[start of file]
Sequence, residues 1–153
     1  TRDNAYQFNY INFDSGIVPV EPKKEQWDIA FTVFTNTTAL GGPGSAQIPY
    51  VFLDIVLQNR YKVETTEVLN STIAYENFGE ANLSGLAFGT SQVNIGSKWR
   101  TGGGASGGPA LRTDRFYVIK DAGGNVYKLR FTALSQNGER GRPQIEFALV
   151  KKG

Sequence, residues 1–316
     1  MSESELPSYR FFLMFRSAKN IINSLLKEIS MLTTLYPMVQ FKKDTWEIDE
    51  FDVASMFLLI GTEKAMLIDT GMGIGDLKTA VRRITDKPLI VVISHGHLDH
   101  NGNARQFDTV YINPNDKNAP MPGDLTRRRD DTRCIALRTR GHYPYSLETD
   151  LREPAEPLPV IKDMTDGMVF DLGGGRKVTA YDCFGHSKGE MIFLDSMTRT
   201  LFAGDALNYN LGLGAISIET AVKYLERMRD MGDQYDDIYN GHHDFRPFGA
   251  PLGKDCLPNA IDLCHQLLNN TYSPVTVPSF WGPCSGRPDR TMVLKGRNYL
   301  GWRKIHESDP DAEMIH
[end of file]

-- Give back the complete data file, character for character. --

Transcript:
Sequence, residues 1–153
     1  TRDNAYQFNY INFDSGIVPV EPKKEQWDIA FTVFTNTTAL GGPGSAQIPY
    51  VFLDIVLQNR YKVETTEVLN STIAYENFGE ANLSGLAFGT SQVNIGSKWR
   101  TGGGASGGPA LRTDRFYVIK DAGGNVYKLR FTALSQNGER GRPQIEFALV
   151  KKG

Sequence, residues 1–316
     1  MSESELPSYR FFLMFRSAKN IINSLLKEIS MLTTLYPMVQ FKKDTWEIDE
    51  FDVASMFLLI GTEKAMLIDT GMGIGDLKTA VRRITDKPLI VVISHGHLDH
   101  NGNARQFDTV YINPNDKNAP MPGDLTRRRD DTRCIALRTR GHYPYSLETD
   151  LREPAEPLPV IKDMTDGMVF DLGGGRKVTA YDCFGHSKGE MIFLDSMTRT
   201  LFAGDALNYN LGLGAISIET AVKYLERMRD MGDQYDDIYN GHHDFRPFGA
   251  PLGKDCLPNA IDLCHQLLNN TYSPVTVPSF WGPCSGRPDR TMVLKGRNYL
   301  GWRKIHESDP DAEMIH